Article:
They've buried the hatchet and are excited to headline an all-star punk line-up, finds Paul Harper.
A lot has changed for Pennywise in the eight years since the Southern California punk rockers were last on our shores.
Here's a quick recap: In 2009 singer Jim Lindberg announced he was quitting the band. Bassist Randy Bradbury, guitarist Fletcher Dragge and drummer Byron McMackin continued without him, bringing in Ignite frontman Zoli Teglas as his replacement.
But Teglas lasted only one album - 2012's well-received - before a back injury forced him to quit.
Despite bad blood between Lindberg and Dragge, who had aired the band's dirty laundry in the press - including an interview with the Herald - the pair buried the hatchet and Lindberg was welcomed back to the band.
Given their recent history, Pennywise's upcoming New Zealand tour and album release makes sense. Titled Tomorrows, the new album - out in June - will feature songs written over the course of the band's 26 years but never recorded, including four or five written before the band's 1992 self-titled debut.
Bradbury admits Pennywise's tumultuous last few years influenced their decision to go back and explore their past. "It just felt like those were the good times ... it just feels like we can't go wrong if we go back and do these great songs that shaped the band and will keep us who we are. But also there is that desire to get those songs out there," he says.
"So it did seem like this was a nice way to get our feet back in the water and get into the studio, because we just can't mess it up - these songs were written. They just have that energy. So we all just felt comfortable this would be an easy way to get going again and see how we feel in the studio."
Pennywise have always struggled in the studio, Bradbury says.
"We have a lot of arguments in the studio about how songs should go or what we should do, so obviously we wanted to avoid that. We're just happy to be back together. You know, it feels like we've got the family back together, we got all the pieces back and we're all getting along, so let's do something fun. I think wanting that desire is what inspired us to go back to those old songs."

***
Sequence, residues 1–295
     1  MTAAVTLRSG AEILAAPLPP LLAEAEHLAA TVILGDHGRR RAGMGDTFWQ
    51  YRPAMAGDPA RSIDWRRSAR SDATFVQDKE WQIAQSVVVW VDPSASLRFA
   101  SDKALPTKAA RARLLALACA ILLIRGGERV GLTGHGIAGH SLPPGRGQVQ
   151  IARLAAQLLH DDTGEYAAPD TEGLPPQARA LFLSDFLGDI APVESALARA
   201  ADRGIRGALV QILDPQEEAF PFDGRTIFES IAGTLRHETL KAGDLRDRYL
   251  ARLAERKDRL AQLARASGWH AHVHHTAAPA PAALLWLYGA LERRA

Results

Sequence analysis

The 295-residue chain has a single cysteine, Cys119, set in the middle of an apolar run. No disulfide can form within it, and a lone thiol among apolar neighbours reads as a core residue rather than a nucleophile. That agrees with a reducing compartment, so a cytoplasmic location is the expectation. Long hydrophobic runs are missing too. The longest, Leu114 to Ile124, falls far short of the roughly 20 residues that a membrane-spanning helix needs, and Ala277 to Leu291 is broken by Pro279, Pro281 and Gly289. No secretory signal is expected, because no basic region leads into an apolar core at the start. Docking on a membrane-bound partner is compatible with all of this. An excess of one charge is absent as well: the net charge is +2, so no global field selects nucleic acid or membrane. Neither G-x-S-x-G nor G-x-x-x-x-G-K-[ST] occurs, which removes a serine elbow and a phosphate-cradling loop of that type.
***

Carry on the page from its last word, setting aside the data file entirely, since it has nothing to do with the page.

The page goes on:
Pennywise were among the wave of US punk bands to have commercial success in the mid- to late-90s, with tracks Society, Alien and Land Down Under enjoying radio play in New Zealand.
They were last here in 2006, playing a crowd-pleasing, high-energy set at Auckland's Powerstation, and they'll be here next Thursday headlining an all-star punk line-up at Auckland's Logan Campbell Centre on a bill that includes Alkaline Trio, Less Than Jake and Sommerset.
Bradbury admits it has been too long between New Zealand tours.
"We tried to get there in 2012. I couldn't even tell you [why we couldn't come]. I mean, we love it too much to not go, because I only have good memories of being there. So I don't have a good excuse.
"I'm really looking forward to it. I always have a great time with Alkaline Trio and Less Than Jake, those are good dudes - so I know we'll be having fun."
Bradbury, who has been with the group since 1996, acknowledges the band is fortunate to have had such longevity.
"We have fans that get us and want to keep coming to see us and want us to keep making new music," he says. "So obviously that's our lifeblood.
"But also for just us as a band, we're like a very determined people. We're almost a bit stubborn. We just want to keep playing and it's like a survival instinct to keep going and to keep doing this."
Where: Logan Campbell Centre, Auckland
With: Alkaline Trio, Less Than Jake and Sommerset
When: Thursday, March 6
Essential listening: About Time (1995), Full Circle (1997), Straight Ahead (1999). New album Tomorrows due out in June.